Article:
Assume the following most simple setup:

I want to perform a binary classification based on a single continuous variable $X$. The model is then a threshold $x$ so that the class of a data point $d$ is $1$ if $X_d >= x$, and $0$ otherwise.

I'm doing an exhaustive search for the optimal threshold $x$ by simply using each value of $X$ occurring in my training set. The optimal threshold is then identified by maximizing a specific performance metric like PPV, for instance.

Using this approach, my threshold will always be a value that I already observed in the training data.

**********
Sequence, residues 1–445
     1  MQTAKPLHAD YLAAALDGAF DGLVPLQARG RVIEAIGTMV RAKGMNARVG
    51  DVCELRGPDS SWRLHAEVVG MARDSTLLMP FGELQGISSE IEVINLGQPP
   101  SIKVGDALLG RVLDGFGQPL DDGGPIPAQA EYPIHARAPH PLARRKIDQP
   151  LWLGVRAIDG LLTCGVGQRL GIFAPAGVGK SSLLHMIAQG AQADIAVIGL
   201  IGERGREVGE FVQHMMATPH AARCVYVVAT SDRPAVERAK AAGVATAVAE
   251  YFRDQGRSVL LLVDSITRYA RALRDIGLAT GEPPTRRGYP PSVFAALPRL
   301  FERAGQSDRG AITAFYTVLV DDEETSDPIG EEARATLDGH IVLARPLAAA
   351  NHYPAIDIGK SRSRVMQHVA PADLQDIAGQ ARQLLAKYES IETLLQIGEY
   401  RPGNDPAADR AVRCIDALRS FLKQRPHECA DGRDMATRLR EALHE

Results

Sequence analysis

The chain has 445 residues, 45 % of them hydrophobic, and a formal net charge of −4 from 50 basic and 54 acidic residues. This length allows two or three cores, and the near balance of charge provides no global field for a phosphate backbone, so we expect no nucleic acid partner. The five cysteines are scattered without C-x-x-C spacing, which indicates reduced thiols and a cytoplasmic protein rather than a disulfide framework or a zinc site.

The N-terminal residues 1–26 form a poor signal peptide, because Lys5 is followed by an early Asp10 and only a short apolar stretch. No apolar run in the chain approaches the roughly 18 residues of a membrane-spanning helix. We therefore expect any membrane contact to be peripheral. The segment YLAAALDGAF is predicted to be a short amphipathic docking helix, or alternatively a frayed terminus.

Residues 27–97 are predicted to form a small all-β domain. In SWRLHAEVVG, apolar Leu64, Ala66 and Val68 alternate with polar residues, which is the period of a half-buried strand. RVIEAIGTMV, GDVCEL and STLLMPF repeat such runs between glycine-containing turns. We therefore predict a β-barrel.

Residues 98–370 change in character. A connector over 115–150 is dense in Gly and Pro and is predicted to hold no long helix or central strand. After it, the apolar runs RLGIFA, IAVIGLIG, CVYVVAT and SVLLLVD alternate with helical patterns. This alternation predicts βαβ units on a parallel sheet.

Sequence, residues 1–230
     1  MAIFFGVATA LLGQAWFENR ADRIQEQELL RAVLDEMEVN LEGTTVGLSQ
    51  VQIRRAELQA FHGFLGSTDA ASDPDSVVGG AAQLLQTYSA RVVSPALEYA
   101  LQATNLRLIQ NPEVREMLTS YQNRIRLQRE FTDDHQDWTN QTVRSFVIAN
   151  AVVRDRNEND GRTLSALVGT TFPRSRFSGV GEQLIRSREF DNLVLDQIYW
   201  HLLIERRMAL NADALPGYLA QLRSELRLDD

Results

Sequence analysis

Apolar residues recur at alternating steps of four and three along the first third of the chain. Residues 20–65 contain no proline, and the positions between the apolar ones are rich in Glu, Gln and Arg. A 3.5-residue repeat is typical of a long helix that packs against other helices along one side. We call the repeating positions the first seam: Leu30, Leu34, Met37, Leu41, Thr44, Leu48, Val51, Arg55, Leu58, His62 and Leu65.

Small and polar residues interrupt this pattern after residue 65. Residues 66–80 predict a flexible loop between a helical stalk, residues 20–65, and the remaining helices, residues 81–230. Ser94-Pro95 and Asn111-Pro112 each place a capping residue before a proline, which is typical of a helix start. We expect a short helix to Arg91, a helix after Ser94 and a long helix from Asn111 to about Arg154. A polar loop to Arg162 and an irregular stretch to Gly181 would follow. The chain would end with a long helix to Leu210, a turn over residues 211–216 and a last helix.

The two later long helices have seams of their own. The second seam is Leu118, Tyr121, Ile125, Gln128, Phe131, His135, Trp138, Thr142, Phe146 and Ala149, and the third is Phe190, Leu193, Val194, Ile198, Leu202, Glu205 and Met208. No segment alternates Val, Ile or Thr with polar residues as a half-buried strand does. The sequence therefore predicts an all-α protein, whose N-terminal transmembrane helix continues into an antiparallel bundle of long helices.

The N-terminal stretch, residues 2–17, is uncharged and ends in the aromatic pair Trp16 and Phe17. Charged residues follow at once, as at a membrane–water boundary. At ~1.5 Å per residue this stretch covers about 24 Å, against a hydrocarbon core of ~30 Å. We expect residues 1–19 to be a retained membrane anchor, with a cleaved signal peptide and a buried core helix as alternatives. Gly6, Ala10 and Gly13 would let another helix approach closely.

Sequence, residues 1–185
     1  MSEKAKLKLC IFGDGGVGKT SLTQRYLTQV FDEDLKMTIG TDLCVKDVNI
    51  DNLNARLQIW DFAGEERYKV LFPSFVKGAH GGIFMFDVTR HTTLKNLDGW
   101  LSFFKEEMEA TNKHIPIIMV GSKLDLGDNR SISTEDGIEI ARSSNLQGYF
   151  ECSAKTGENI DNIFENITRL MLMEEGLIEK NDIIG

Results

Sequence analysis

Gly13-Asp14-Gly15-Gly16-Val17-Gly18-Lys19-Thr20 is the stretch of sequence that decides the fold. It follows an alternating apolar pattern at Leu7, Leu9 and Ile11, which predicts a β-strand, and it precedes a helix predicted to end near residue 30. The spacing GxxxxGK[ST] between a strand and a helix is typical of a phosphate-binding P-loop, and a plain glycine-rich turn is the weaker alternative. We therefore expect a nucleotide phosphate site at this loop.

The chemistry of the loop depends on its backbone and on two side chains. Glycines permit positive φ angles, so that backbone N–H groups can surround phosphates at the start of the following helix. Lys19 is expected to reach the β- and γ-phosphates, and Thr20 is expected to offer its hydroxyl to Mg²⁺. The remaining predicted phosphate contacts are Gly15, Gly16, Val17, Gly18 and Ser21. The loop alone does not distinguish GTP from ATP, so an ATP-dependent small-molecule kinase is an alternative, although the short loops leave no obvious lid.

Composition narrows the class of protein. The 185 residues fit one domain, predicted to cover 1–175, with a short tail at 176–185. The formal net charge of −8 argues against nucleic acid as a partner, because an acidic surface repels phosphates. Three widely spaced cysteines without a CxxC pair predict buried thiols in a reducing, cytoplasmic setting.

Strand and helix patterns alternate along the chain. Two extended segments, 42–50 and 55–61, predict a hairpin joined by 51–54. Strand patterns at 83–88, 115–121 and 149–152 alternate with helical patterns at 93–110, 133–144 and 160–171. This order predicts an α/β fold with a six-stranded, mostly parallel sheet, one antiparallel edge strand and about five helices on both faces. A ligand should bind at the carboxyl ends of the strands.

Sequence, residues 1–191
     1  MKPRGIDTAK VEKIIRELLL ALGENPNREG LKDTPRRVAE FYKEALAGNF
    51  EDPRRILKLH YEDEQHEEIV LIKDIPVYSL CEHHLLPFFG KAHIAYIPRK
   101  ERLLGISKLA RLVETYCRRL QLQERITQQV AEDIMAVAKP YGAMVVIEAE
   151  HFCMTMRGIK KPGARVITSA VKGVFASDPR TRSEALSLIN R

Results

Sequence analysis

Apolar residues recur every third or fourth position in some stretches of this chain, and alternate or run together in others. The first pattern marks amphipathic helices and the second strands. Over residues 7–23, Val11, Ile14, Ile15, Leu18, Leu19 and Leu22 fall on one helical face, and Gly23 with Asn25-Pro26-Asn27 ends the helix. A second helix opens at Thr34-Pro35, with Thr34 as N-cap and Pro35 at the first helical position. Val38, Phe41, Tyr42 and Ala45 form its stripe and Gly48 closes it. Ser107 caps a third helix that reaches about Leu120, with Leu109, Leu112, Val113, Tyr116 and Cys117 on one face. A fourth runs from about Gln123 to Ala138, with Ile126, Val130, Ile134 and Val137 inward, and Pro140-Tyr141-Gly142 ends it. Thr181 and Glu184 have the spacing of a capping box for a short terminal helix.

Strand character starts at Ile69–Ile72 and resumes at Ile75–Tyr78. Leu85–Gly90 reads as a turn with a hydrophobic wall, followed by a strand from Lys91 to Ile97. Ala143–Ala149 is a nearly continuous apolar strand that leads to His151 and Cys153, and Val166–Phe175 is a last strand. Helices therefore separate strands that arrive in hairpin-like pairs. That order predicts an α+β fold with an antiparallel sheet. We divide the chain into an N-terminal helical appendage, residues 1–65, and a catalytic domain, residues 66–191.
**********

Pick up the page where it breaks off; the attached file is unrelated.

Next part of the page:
Now I'm wondering if there was any benefit in not placing the thresholds onto the training data, but e.g. half way in between any two adjacent observations? I can also think of even more sophisticated strategies like weighted averages of adjacent observations with weights based on the distribution of $X$ in the whole training set.

The question is if such strategies make my model any better in terms of a more "unbiased" model when it is applied to new data?

Could you point me to any statistical theory or comparisons of different strategies?



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